The FCC is apparently slated to release and vote on its new Title-II based net neutrality rules on February 26, and the GOP is not happy that the agency refuses to share the rules ahead of time. Senator John Thune and Representative Fred Upton, who are busy promoting the broadband industry's own neutrality rules aimed at derailing more meaningful protections
, state that they want the FCC's rules made public because they very much care about the public's participation
in the conversation:
“Given the significance of the matter and the strong public participation in the commission’s proceeding to date, we believe the public and industry stakeholders alike should have the opportunity to review the text of any proposed order or rules prior to commission action,” Senate committee Chairman John Thune (R-S.D.), House committee Chairman Fred Upton (R-Mich.) and Rep. Greg Walden (R-Ore.) — the head of the House Communications Subcommittee — said in a letter to FCC Chairman Tom Wheeler on Thursday.
“Limited access to information is beneficial to no one — not to the consumers directly affected by commission action, not to the industries regulated by the rules and not to the commissioners seeking to make information decisions taking public feedback into consideration," they added.
On the one hand yes, the FCC's rules should be made public so that everyone can have a conversation about the specific wording. On the other hand, you can understand the FCC's logic in that revealing the rules to neutrality opponents -- who will fight them no matter what
the "public conversation" entails -- only acts to give them a running start in undermining them.
AT&T-owned Cricket Wireless today raised the data limits on the company's prepaid plans, as well as adding a new 20 GB plan for $55. According to the Cricket announcement
, Cricket Basic subscribers now get 2.5GB of data for $40 per month, while subscribers to the company's Smart tier get 5 GB of data for $50 a month. Cricket's Advanced plan now offers 20 GB of data for $60 a month. All of those options see a $5 monthly reductions if users enroll in autopay. Cricket states the company is offering prepaid users the LTE Nokia Lumia 635 for free, the LTE Motorola Moto G for $25, or the LTE HTC Desire 510 for $80 after mail-in rebates.
Normally advertisement dispute ads between ISPs are handled by the National Advertising Division of the Better Business Bureau, a sort of self-regulated industry mechanism to handle disputes so that regulators don't get involved. Occasionally though disputes end in lawsuit, like this week when Cablevision announced
it would be suing Verizon over Wi-Fi network claims.
ESPN had a record breaking last month with the success of the college football Sugar Bowl and Rose Bowl match-ups ranking as the number 1 and number 2 most watched cable telecasts of all time respectively with over 28 million viewers each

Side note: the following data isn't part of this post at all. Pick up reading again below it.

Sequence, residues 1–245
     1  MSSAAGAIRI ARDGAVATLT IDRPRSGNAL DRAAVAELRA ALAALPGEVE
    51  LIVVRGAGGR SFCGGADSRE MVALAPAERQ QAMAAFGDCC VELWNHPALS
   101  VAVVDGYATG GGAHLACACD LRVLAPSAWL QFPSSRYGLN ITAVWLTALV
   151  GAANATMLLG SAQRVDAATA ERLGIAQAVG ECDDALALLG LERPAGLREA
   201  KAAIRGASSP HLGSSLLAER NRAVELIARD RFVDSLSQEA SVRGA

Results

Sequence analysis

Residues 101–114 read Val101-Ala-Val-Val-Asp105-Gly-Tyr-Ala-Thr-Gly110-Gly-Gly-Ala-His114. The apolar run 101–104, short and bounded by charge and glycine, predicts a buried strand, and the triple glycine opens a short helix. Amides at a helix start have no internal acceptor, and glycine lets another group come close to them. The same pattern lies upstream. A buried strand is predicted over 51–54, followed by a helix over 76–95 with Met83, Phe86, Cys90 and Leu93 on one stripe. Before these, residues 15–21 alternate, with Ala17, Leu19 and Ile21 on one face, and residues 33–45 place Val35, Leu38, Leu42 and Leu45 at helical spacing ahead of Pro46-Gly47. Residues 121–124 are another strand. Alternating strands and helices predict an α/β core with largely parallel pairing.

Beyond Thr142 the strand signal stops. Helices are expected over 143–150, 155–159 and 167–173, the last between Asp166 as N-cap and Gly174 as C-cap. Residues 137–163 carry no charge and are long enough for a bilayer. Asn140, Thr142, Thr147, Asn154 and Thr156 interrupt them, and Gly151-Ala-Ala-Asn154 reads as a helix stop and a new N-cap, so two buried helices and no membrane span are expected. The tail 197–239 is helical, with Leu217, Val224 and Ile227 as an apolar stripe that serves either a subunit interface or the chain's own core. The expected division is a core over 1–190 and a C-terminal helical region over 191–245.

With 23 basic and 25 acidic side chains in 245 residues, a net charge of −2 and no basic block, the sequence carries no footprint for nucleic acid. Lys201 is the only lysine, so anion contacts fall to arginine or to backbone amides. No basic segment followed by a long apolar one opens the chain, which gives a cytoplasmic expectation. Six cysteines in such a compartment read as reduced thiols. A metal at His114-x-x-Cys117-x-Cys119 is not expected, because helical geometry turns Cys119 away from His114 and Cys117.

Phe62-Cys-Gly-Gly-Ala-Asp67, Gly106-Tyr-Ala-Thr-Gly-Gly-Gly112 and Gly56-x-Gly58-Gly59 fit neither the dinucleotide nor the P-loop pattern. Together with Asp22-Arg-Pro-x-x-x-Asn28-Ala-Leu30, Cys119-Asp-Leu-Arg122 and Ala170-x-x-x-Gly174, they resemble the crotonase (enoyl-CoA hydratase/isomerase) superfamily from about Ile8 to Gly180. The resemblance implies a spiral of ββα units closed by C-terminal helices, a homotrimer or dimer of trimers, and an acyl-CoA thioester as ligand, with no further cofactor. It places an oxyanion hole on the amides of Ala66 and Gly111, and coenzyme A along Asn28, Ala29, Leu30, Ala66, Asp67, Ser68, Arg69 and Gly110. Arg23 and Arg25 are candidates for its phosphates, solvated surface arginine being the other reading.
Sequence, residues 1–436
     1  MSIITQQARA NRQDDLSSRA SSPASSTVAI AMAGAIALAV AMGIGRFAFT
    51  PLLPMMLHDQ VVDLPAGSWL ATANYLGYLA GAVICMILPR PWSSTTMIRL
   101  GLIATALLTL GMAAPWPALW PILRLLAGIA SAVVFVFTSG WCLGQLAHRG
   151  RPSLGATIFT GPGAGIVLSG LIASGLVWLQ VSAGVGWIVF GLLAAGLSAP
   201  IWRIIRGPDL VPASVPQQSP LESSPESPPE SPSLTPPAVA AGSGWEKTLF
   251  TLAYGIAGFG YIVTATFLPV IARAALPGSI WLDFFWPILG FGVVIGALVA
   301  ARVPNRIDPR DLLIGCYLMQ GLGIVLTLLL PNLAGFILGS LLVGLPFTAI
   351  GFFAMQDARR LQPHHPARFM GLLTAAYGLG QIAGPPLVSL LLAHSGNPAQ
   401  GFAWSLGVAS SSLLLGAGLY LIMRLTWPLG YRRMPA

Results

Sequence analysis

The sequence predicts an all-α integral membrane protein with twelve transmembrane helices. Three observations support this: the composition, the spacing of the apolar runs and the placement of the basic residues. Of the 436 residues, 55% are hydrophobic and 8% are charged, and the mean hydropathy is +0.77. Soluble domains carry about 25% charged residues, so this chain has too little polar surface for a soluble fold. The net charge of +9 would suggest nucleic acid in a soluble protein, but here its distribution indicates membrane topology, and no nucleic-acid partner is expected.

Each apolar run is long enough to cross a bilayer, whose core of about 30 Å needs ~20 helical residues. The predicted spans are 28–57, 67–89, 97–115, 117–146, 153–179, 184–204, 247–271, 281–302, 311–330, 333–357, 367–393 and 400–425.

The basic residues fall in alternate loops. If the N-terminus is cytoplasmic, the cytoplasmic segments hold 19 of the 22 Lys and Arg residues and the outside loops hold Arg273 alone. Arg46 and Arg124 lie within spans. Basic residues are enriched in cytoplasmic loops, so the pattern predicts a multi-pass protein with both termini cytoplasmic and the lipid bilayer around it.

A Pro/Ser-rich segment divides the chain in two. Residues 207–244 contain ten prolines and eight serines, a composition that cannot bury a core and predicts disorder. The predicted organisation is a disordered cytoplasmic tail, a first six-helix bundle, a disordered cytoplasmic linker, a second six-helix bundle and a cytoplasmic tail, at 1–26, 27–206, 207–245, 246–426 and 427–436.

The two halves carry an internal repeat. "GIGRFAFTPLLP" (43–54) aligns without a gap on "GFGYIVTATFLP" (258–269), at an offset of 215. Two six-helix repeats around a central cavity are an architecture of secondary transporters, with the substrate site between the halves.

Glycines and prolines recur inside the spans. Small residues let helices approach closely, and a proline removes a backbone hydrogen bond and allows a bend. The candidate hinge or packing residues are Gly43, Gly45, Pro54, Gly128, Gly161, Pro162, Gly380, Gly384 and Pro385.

. This was followed by the NFC Wild Card game on ESPN attracting 21.67 million viewers to become the eighth most watched cable program of all time
T-Mobile today unveiled a new $50, unlimited LTE Prepaid plan under their MetroPCS brand. According to the T-Mobile announcement
, the new, $10 less expensive offering is the "undisputed best Unlimited LTE data plan" now available. MetroPCS and T-Mobile also note the offer won't have an expiration date if users sign up for the option before April 5. "Every MetroPCS customer with a 4G LTE data bucket will get an additional gigabyte of 4G LTE data on T-Mobile's network starting today – automatically," notes the release.
Phillip Swann at TV Predictions
notes that Verizon, Time Warner Cable and Cox have all recently either lowered the price of traditional HBO or are offering promotional HBO offers. The reason? They're likely trying to get out ahead of this year's release of a standalone HBO streaming option. The long-awaited option was announced last October
and is expected to launch sometime around April. Of course many wonder if the ISPs themselves
will be the ones selling the HBO streaming service, and I can't help but wonder if there will be any caveats to ease the impact on pay TV subscriber tallies (like requiring users subscribe to a certain price and speed tier of broadband service).
Remember how the broadband and wireless industries have been claiming that Title II net neutrality rules will chill network investment? Well that doesn't appear to be a problem when it came to the recent AWS-3 spectrum auction. The auction just closed with an FCC record $44.899 billion in total bids
. While bids are confidential for now (probably until February when payment is due), most analysts believe that AT&T and Verizon grabbed the lion's share of the spectrum
, with T-Mobile and Dish also making a much more modest investment.
After hinting at such a move for some time, the FCC today voted (along partisan lines, of course) to bump the standard definition of broadband from 4 Mbps down, 1 Mbps up, to 25 Mbps down, 3 Mbps up. It's a change the broadband industry and friends aren't happy with, because it will only further highlight the fact that a lack of competition has left large portions of the country with pricey and slow broadband service. story continues..
Anonymous sources tell Bloomberg News
that the FCC will be taking a much stronger oversight role when it comes to the interconnection deals struck between companies like Netflix and ISPs. The FCC has been investigation such deals